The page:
Tuesday, October 13, 2009

You Have Got to be Kidding!

Years ago, I remember visiting my dear friend in the hospital hours after she had given birth to a healthy baby girl. Holding her infant daughter, who was swaddled in a hospital blanket decorated with pastel colored teddy bears, my friend was beaming.

"She's beautiful," I said.

My friend smiled and responded, "I know. She only weighed 6 pounds and 3 ounces, and I'm hoping from day one, she'll always be petite and thin."

All I could think about was this poor little baby, only hours old, and already her mother was preoccupied with her weight and her wish for her daughter be be thin. While I was appalled, apparently the insurance companies approve of this sentiment. This was what I read about today:

A Colorado health insurance company denied 4 month old Alex Lange coverage claiming he has a pre-existing condition - obesity - which makes him a financial risk. Alex weighs 17 pounds and is breastfed. After gaining national attention, The Rocky Mountain Health Plan said this past Monday that it will reverse it's decision for babies who are "healthy but fat."

Alex's mother, Kelli Lange, said that her baby has had nothing but breat milk and that the brief insurance rejection didn't change how she fed him. She stated, "I'm not going to withhold food to get him down to below that number of 95 {the 95% on the bell shaped curve}. Good for her. Although I do worry a bit when Alex's parents joked that, "when he is ready for solid food, they will start him on slim-Fast."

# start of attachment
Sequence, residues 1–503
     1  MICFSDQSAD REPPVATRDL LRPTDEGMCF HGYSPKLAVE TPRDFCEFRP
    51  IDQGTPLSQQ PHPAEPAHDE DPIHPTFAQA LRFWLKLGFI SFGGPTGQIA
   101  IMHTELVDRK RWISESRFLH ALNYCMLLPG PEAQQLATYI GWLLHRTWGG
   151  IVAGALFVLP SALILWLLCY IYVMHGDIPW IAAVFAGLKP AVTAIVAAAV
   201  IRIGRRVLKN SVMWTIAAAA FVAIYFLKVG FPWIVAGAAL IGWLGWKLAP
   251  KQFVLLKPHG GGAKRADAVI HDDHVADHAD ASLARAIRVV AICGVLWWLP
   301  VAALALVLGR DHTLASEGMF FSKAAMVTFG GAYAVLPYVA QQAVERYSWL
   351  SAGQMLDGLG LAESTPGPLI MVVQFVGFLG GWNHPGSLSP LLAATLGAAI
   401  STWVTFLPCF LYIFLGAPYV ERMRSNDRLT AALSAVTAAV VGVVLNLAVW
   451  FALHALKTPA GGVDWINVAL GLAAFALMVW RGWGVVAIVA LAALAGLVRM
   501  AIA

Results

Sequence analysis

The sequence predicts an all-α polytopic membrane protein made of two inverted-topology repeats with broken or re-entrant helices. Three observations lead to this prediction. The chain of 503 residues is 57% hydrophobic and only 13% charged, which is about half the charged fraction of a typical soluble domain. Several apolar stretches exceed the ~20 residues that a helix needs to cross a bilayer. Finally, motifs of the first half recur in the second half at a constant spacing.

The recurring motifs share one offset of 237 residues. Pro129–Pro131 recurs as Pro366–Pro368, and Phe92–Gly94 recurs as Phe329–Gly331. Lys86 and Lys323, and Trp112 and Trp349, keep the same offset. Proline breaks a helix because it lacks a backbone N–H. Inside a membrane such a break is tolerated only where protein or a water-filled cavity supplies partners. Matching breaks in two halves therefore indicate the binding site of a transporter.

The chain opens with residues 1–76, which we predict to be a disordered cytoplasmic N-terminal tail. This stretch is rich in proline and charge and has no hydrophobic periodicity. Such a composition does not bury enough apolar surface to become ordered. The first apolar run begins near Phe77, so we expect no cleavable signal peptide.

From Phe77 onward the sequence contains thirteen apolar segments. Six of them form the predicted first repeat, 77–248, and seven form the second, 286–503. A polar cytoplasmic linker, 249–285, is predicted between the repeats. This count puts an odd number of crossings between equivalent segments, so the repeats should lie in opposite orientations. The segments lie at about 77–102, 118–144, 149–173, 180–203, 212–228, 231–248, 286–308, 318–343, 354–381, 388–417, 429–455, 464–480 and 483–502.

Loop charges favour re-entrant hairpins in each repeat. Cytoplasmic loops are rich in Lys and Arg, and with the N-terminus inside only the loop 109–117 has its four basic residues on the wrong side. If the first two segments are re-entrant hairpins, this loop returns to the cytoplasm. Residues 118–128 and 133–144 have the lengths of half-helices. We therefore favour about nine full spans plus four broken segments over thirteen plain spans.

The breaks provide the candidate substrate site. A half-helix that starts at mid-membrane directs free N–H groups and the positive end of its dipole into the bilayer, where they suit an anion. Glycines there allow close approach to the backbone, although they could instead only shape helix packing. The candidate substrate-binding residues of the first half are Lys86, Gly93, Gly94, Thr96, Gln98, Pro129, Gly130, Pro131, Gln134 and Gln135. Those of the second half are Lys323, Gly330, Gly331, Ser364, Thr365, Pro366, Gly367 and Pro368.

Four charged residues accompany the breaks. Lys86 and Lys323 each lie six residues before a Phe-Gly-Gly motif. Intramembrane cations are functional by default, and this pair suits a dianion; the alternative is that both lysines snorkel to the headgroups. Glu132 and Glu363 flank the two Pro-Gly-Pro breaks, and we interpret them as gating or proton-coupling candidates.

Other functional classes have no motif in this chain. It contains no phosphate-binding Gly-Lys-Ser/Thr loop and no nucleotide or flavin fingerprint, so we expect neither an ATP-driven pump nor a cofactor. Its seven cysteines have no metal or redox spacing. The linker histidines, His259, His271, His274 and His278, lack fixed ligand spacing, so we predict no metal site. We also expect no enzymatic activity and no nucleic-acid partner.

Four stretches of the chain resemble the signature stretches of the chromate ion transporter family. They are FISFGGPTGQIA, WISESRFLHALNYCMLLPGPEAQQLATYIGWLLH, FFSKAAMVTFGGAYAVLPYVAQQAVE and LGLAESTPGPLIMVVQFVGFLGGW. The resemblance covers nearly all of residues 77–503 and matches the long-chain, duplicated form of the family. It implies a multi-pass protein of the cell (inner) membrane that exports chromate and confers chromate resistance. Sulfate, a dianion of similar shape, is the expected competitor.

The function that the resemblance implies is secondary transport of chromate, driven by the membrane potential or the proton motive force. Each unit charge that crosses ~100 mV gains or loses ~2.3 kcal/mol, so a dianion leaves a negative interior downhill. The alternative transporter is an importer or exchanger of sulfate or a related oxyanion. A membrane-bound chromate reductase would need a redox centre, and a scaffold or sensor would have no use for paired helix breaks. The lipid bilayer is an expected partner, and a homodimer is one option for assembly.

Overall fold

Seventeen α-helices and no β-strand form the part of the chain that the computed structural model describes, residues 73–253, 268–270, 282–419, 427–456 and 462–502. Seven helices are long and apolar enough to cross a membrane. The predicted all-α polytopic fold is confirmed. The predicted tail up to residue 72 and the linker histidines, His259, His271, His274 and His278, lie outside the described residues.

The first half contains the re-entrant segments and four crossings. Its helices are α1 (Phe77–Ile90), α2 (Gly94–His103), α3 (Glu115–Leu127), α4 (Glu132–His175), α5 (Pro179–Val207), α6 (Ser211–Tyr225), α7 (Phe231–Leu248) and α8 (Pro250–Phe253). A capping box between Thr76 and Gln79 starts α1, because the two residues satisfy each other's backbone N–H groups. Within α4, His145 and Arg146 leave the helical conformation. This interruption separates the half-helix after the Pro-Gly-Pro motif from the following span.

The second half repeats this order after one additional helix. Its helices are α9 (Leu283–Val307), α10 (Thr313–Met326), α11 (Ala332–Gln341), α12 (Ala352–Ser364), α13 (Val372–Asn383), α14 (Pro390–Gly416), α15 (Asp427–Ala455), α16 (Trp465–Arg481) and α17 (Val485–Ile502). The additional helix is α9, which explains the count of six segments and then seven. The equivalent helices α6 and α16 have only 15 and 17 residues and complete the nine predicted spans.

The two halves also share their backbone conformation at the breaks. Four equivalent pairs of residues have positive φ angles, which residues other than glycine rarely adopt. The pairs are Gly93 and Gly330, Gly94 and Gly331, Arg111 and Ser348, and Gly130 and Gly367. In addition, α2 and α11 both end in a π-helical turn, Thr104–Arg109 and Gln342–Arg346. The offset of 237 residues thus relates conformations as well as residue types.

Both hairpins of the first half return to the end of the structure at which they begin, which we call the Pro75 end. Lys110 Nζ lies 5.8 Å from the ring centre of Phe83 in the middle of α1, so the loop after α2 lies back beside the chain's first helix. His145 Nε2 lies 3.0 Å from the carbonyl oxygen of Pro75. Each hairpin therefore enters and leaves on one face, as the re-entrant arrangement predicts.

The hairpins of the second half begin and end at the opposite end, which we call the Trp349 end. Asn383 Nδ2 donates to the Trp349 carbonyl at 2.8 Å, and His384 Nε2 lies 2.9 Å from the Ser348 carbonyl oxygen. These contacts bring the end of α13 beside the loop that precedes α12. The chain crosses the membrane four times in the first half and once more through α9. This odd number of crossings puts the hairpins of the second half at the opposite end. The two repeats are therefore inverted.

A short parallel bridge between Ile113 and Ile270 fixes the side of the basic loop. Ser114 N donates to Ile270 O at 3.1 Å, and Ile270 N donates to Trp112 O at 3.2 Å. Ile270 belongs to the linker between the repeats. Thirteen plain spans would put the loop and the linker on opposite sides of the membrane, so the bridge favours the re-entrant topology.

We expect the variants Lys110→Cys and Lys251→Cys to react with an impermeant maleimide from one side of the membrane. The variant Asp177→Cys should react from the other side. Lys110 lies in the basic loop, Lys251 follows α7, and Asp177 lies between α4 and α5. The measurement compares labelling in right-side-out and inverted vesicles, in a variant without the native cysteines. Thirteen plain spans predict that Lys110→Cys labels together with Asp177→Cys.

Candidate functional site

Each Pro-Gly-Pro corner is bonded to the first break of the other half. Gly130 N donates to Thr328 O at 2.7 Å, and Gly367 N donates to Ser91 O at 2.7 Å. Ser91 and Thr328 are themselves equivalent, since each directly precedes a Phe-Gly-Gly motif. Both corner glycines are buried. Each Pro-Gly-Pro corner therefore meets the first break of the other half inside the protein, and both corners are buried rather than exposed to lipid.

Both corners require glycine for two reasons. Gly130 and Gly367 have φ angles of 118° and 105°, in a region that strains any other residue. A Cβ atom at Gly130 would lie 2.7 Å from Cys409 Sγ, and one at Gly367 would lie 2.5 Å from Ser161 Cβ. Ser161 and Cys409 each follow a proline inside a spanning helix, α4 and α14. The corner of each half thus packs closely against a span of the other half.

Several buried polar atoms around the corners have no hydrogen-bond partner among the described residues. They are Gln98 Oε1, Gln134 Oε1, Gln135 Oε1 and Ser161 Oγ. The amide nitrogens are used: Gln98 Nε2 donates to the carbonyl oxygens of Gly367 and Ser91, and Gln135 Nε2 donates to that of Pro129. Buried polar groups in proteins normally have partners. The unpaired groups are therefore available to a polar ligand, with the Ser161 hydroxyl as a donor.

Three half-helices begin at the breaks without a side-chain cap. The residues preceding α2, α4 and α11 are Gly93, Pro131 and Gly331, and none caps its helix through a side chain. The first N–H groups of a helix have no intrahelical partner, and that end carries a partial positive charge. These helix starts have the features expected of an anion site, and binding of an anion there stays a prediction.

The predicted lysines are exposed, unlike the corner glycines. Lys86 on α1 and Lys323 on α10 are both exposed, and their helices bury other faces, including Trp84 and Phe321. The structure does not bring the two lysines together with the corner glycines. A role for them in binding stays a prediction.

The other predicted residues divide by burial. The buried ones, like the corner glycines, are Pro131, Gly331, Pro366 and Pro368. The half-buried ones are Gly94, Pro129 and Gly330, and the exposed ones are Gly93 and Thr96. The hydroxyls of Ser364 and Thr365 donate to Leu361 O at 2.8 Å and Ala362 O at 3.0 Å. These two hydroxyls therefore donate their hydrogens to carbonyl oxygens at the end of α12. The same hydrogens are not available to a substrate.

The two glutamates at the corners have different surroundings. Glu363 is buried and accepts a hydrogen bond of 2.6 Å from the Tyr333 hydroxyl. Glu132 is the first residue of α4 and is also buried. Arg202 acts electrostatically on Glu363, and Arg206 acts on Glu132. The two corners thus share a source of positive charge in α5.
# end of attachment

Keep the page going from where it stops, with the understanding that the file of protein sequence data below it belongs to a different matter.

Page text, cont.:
I remember being in a play group way back when. There was a woman who was a nurse and the mother of 6 month old Kyle. Kyle had a healthy appetite and was exclusively bottlefed. Kyle was a big, happy, health baby until his pediatrician and mother became concerned about his weight. They decided that Kyle's intake must be reduced. They cut out a predetermined number of ounces, reducing the number of bottles he was allowed each day. From that point on, when we met for our weekly playgroup, I came equipped with a bottle of Excedrin. Kyle would scream, cry and howl. The once happy baby became miserable when he was up, and would no longer go down for his nap. He just cried and cried. Kyle was hungry, and his mother refused to feed him, "for his own good." His mother, I should add, was a chronic dieter who, I have to say, was a bit on the moody side herself.

We need health care reform, and major changes in the health insurance industry, for sure. The Alex Lange case is outrageous. But we also need some intensive care as a culture. The hope for a lower weight infant daughter to stay petite and thin? The withholding of sustenance from a happy, thriving 6 month old because he's deemed "too fat?" No wonder there is such body shame in our culture, and so many people engaged in an unhealthy relationship with food, their bodies and themselves. I'm reminded of one of my favorite quotes, that babies, before the interference begins, can model for those of us who forget:

"When hungry eat your rice, when tired close your eyes. Fools may laugh at me, but wise men will know what I mean." -Lin-Chi


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